1. Dancer’s Lament by Ian C. Esslemont
Dancer’s Lament was easily my favorite read of 2016. Esslemont really steps out of Erikson’s shadow and the newest trilogy in the Malazan world demonstrates the very best of Esslemont’s contribution to the Malazan universe.
2. Chains of the Heretic by Jeff Salyards
The Bloodsounder’s Arc is one of the most unsung fantasy trilogies I know of. Chains of the Heretic captured everything I could have wanted in an ending. This series remains one of my favorite trilogies in all of fantasy fiction and Jeff Salyards, though unsung now, is one of the masters of the genre.
3. The Mirror’s Truth by Michael R. Fletcher
The Mirror’s Truth is the sequel to Beyond Redemption, one of the grittiest fantasy stories I’d read. I enjoyed getting my hands on an early copy of The Mirror’s Truth and was thrilled with the ever dark but compelling characters and story at play here.
Honorable Mention: The Immortal Throne by Stella Gemmell
I’d never read The City, the first book in the series. But when I received an ARC of Stella Gemmell’s The Immortal Throne, I was blown away but the brilliant writing and story-telling skills. She wasn’t on my radar before, but after tearing through this novel I am eager to go back and devour The City.
1. The Builders by Daniel Polanski
Picking up The Builders was a little bit of a stretch for me. The main characters are animals which is a POV choice I’m normally turned off by. I was pleasantly surprised, however, by the swashbuckling and bloody tale of vengeance and depth of character that Polansky presents in such a limited form.
2. A Song for No Man’s Land by Andy Remic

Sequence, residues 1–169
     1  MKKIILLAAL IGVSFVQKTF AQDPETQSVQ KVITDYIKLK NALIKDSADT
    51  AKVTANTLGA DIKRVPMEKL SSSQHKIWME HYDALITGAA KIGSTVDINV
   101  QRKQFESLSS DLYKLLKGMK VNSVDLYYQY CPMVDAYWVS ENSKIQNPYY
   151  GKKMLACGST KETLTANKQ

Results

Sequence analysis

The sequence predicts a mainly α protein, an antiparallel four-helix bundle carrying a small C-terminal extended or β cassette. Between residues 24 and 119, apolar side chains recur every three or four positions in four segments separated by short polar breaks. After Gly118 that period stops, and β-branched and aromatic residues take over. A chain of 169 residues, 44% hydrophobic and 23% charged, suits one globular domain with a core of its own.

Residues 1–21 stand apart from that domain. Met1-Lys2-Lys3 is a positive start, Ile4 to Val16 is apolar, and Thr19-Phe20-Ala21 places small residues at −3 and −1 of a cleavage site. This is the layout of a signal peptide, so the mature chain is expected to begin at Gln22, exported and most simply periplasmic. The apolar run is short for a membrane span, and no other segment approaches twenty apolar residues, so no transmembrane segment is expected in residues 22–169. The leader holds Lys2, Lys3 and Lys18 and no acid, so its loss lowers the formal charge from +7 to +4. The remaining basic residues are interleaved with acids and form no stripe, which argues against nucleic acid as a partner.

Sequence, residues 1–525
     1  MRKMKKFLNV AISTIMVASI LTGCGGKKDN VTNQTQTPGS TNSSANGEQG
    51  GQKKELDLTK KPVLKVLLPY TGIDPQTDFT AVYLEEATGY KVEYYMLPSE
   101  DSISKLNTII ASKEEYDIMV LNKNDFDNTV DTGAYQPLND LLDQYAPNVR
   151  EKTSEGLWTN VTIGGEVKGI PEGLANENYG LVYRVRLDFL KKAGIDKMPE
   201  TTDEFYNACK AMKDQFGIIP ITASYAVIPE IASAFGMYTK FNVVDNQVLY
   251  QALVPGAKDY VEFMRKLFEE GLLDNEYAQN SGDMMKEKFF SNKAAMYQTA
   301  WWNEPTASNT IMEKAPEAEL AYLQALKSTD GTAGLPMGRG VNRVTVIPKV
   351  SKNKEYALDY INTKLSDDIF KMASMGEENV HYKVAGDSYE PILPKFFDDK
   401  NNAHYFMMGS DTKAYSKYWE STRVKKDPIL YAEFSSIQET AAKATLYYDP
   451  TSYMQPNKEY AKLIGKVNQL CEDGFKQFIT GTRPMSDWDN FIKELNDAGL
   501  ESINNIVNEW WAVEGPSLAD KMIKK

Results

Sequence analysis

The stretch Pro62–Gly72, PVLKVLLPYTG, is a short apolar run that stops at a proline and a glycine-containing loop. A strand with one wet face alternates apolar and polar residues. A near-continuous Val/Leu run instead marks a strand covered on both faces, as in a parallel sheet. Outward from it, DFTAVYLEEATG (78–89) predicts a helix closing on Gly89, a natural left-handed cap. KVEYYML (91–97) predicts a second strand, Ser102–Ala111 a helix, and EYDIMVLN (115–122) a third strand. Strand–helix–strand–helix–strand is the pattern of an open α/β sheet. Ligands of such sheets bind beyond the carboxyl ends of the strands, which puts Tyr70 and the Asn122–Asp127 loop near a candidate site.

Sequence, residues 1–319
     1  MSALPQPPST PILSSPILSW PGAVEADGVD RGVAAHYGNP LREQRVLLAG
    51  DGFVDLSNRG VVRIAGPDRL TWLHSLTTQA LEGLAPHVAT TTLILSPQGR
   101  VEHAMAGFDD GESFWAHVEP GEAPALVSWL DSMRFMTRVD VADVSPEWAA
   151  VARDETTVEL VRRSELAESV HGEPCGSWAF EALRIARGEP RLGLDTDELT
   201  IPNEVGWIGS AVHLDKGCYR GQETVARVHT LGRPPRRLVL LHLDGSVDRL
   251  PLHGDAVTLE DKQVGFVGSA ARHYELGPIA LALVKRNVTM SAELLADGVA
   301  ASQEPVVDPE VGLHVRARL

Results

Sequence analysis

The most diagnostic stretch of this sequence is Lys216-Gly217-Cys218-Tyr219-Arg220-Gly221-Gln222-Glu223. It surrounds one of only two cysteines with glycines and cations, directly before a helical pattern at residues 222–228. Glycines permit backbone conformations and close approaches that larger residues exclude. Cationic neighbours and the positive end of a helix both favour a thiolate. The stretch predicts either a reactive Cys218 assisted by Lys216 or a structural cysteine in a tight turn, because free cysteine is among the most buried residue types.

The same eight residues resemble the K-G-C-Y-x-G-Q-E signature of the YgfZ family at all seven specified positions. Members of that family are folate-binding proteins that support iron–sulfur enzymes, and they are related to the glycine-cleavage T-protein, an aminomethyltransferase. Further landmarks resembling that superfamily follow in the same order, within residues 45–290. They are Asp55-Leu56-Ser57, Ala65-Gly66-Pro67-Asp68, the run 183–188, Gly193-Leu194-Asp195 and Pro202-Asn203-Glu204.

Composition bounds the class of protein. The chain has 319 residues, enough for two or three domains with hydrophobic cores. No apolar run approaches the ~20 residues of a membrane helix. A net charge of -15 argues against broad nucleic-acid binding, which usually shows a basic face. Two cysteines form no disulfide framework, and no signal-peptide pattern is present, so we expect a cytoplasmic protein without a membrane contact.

A Song for No Man’s Land is perhaps the first time I’d heard of WW1 fantasy. The trippy nightmarish adventures of Jones, a soldier in the trench warfare battle of the Somme, were some of the most interesting takes on psychological horror I’ve read.
3. The Emperor’s Railroad by Guy Haley
A tale of a knight fighting the undead to escort a mother and son to safe harbor presented in a post-apocalyptic United States. An odd and interesting premise that lent itself to a gritty story about the morals of man when pressed to their limits.
Honorable Mention: Cold-Forged Flame by Marie Brennan
Though it could have been longer, Cold-Forged Flame stuck a chord with me due to its immense similarities to Michael Moorcock’s Eternal Champion sequence, one of my all-time favorite fantasy series.
Best Short Stories
1. Islands of Light in a Sea of Darkness by Mike Jansen in The Singularity Issue #3
2. Walls of Nigeria by Jeremy Szal in Nature: Futures
3. Fire and Flesh by Michael R. Fletcher
Honorable Mention: For The Glory Set Before Them by Matt Karlov
Best Novels of 2015 I read in 2016
1. The Liar’s Key by Mark Lawrence
I wasn’t big on Jalan in Prince of Fools but I did enjoy his relationship with Snorri. Watching Jalan develop in book two has me changing my opinion on him and I’m eager to get to book 3. This book really poured a lot into the relationship between Jalan and Snorri and I thoroughly enjoyed this romp.
2. Queen of Fire by Anthony Ryan
The Raven’s Shadow trilogy will go down as one of the best series of all time. The conclusion was everything I could have hoped for. Though some dislike the series past Blood Song, I liked the shift in POV and enjoyed the struggle between the last free men and the Volarian slavers across the sea.
3. Sword of the North by Luke Scull
Sword of the North stepped out of the shadow of Glen Cook’s The Black Company that The Grim Company struggled with. The story really spends time investing in its characters backstory and I am very pleased with the way this series is shaping up.
Biggest Novels I Missed in 2016
1. The Waking Fire by Anthony Ryan
2. The Wheel of Osheim by Mark Lawrence
3. The Burning Isle by Will Panzo